The world of baselayers can be a bit of a mine field. Different brands, different materials, different “technologies” at play. Most people seem to arrive at a particular preference, whereas I tend to use a different baselayer dependant on what it is I’m doing. In the winter of course I would tend to use something thicker, for single day pursuits of high intensity I’d go for synthetic and multi-day trips I’d use merino. The thing with merino is that it tends to be expensive, which rules it out for a lot of people. The Alpkit Kepler however, comes at a price point to suit most.
As I said, merino is my and many people’s choice of material for multi day trips; but you also need a good, comfortable and functional fit too. As soon as the Alpkit Kepler arrived, I tried it on. It seemed a little looser than I would like a baselayer to sit (size guide pointing me to medium) as I usually favour a more athletic cut. I feel the baselayer then moves better with the body and causes a little less annoyance at the collar and sleeve ends. I always expect Merino to itchy to start with so I ran it through a cycle with wool wash the night before the trip. Something else that is noticeable, mainly because I was looking out for defects (considering the price point), is that the tshirt is really well made. No stitches out of place, no pulls in the fabric. It feels like a more expensive baselayer.
So with a fully loaded weekend pack in tow; the Kepler felt comfortable from the off. No itchiness after the initial wash, and although slightly big it didn’t feel as though it was hanging from me. I’d still have preferred a closer fit, but next time it would be as easy as ordering a size down if that is what you’re after. The rucksack was a 48ltr, packed ready for three days and so was somewhat heavy. Due to the flatlock stitching though and the fact that the seams are located om the front as opposed to the top of the shoulders – there was no rubbing at all. So again – comfortable.
You may think that the Alpkit Kepler may be thinner or of lesser quality merino at such a friendly price, but it is 100% New Zealand merino wool. Quite often, with cheaper ‘merino’ baselayers, I have found that the wool sometimes makes up a much lower percentage of the material. The Kepler felt robust enough to stand up to multiple days of activity without suffering considerable wear. In the past, I have used baselayers from larger companies such as Rab that have suffered holes after a couple of days. To no surprise, the Alpkit Kepler did last out the weekend still looking as new as when it arrived. The quality of the shirt also showed through how warm it proved to be. On a not so summery August day, it was fine to use as the only layer and didn’t need to be coupled with a midlayer. Even after setting up camp near the summit of Wetherlam, I only needed a thin softshell jacket as well and I was more than happy. I would definitely say this would make a great first layer in a winter layering system.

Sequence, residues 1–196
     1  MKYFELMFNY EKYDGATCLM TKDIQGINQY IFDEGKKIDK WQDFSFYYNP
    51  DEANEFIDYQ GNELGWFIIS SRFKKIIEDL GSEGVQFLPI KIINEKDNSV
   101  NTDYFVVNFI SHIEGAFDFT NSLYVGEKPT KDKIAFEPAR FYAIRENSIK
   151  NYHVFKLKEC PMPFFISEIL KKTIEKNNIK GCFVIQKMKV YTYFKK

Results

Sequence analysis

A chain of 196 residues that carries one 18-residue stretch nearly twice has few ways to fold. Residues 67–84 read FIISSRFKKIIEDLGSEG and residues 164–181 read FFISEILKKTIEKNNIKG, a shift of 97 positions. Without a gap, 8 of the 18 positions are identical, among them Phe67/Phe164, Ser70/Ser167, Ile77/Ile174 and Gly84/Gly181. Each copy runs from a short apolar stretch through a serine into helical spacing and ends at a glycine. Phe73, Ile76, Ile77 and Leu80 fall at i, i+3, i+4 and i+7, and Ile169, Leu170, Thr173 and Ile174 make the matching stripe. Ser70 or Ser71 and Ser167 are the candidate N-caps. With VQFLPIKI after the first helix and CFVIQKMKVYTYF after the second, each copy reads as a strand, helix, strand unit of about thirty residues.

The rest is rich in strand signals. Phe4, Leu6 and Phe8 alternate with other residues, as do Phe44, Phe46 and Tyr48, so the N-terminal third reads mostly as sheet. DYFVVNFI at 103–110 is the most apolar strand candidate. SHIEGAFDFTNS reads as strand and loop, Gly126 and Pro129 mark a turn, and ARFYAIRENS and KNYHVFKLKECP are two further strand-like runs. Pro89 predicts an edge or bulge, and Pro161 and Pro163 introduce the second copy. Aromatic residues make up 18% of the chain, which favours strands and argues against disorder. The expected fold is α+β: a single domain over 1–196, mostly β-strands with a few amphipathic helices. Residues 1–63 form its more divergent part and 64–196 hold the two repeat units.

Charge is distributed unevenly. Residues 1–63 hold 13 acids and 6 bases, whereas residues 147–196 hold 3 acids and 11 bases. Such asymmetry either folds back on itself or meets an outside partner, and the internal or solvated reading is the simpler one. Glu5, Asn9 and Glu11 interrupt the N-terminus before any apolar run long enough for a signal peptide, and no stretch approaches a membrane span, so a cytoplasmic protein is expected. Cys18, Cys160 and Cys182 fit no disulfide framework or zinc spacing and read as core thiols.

Merino wool isn’t well-known for its wicking ability as such. The fibres will soak up moisture but don’t really transport it away from your body and allow it to evaporate nearly as good as synthetic fibres, but with that said – the Alpkit Kepler did a decent job at drying even after a few hard hours pushing up the fells. To really put it through a decent test, I planned to use this baselayer in my summer down bag aswell, in order to save weight leaving my liner at home. By the time I had pitched, arranged my gear inside and made a brew the t-shirt was dry, so no soggyness when trying to sleep. I do think that the loose fit helped with a bit of ventilation in this, however. After using the Alpkit Kepler across three days, and as nightwear also there wasn’t much of a discernible odour either. Of course merino is naturally odour resistant but it is indicative of quality, the longer a garment can go being used without beginning to whiff just a tad. I do tend to sweat quite abit when hitting longer routes or staying out for a couple of days and so the anti odour properties of the Alpkit Kepler really was the ‘acid test.’
In all, this is pretty much your typical merino baselayer. The difference between the Alpkit Kepler and most others is the great price point that the company has managed to achieve, while still retaining the quality that you would expect for twice as much coming from any other brand. It is comfortable, if not perhaps a little too large, warm, dries quickly (in terms of how fast merino usually dries) and leaves very little to no noticeable odour. It is certainly ideal for multi day trips, and most other outdoor pursuits. It will be interesting to see how long the Alpkit Kepler will last, I feel like there has to be a downside to the fact it’s cheaper than others – I can’t find one yet though! I think a long sleeved version will fit the bill for later in the year. I don’t think that the long sleeved version has thumb loops, but if it did it would probably be a perfect baselayer for me when the weather turns colder.
*QUICK EDIT* The guys over at Alpkit have told me that the long sleeved version of the Kepler does indeed have thumb loops.